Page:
The Parable of the Nets
In his book Love Busters, Willard F. Harley, Jr. shares the following parable (p. 26).
Marriage is like a fishing net. Each day fishermen use their nets to catch fish and sell them at the market.
One fisherman takes his fish from the net every day, but let’s debris from the ocean accumulate. Eventually so much debris is caught in the net that he can hardly cast it out of the boat, and when he does, it’s almost impossible to retrieve. Finally, in a fit of anger, he cuts the net loose and goes home without it. He’s unable to catch and sell fish again until he buys another net.
Another fisherman removes debris every time he retrieves the net with the fish he caught. Each time he casts his net, it’s clean and ready to catch more fish. As a result, he catches and sells enough fish to support himself and his family.
The application of this parable is simple. The fish in the parable represent the emotional needs in marriage. The debris caught in the nets are the habits that cause unhappiness. Bad marriages are like the first fisherman’s net—they are filled with disrespectful statements, anger, selfishness, dishonesty, cries of independence, and other hurtful actions. The burden of the unhappiness ruins a couples’ ability to meet the emotional needs of one another. Eventually, the marriage ends, because neither spouse is fulfilled in the marriage.
Good marriages are like the second fisherman’s net. Problems are dealt with and handled as soon as they appear. The habit of dealing with issues and removing them makes it easy for the spouses to meet the emotional needs of one another.
So what’s the difference? Why do some fisherman support their families while others cut their nets and go home? Why do some marriages work while others fall apart? The difference is the willingness to work.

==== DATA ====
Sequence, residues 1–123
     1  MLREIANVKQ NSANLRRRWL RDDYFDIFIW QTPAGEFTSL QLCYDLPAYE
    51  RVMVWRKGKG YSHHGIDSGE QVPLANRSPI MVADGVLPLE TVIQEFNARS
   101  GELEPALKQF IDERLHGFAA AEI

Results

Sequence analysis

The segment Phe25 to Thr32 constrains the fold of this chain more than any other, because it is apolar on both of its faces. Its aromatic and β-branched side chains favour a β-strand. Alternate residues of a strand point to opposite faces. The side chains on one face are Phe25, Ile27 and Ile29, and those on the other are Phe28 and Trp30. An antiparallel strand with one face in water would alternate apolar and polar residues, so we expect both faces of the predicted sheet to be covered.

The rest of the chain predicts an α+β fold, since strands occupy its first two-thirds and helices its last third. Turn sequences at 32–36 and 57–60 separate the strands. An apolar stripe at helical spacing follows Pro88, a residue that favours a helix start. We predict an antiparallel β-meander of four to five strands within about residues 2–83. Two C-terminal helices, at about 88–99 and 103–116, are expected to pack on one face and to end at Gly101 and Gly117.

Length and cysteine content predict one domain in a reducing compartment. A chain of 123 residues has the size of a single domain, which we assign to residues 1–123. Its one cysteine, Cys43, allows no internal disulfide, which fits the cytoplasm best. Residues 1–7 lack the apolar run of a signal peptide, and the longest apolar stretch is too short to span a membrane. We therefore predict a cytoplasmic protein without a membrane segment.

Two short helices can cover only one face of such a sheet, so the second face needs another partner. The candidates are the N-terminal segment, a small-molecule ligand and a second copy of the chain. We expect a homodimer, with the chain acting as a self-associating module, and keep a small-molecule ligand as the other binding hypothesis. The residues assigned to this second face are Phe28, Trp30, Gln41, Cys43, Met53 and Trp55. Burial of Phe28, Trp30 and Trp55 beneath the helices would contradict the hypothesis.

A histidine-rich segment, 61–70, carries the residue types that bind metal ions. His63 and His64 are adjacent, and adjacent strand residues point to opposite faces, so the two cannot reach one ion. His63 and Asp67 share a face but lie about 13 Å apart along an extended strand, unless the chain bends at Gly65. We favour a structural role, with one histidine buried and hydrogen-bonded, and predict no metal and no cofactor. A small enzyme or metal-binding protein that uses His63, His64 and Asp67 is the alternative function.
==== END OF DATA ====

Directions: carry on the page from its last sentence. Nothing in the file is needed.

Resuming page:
The lazy fisherman fails to put forth the effort to clear his nets, until the task is too daunting and challenging to overcome. Through discipline the good fisherman maintains a proper environment to be successful every day.
This work and discipline is what makes it possible for “a man [to] leave his father and his mother, and… cleave unto his wife: and… be one flesh” (Gen. 2:24). The word “cleave” implies that there is discipline and effort that is required for a husband and wife to sustain a good marriage. In other words… it ain’t gonna be easy!
It should be pointed out that this is a daily task. The fisherman must check his nets every day. Husbands and wives, you must evaluate your marriage daily. When there are difficulties, deal with them . . . daily.
A marriage will not survive by doing the hard work once a month on date night. It will not work if the only time you talk is when the problems get too difficult to live with. It requires consistent communication and daily work.
If you want your marriage to work, learn from the fisherman. Check your nets daily. And if necessary, fix them daily.